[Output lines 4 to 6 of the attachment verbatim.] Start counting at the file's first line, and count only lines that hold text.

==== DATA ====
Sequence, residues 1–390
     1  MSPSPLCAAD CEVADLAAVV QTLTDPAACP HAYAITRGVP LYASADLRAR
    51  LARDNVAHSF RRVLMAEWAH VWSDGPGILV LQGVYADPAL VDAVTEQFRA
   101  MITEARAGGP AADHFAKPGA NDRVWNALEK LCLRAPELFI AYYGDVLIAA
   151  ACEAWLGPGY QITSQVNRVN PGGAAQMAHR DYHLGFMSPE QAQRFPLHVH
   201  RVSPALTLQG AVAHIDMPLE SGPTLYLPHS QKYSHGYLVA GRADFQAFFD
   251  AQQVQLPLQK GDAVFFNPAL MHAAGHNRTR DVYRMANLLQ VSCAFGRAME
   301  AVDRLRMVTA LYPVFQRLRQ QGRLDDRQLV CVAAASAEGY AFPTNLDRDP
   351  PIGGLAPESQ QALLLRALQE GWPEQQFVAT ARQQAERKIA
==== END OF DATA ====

   101  MITEARAGGP AADHFAKPGA NDRVWNALEK LCLRAPELFI AYYGDVLIAA
   151  ACEAWLGPGY QITSQVNRVN PGGAAQMAHR DYHLGFMSPE QAQRFPLHVH
   201  RVSPALTLQG AVAHIDMPLE SGPTLYLPHS QKYSHGYLVA GRADFQAFFD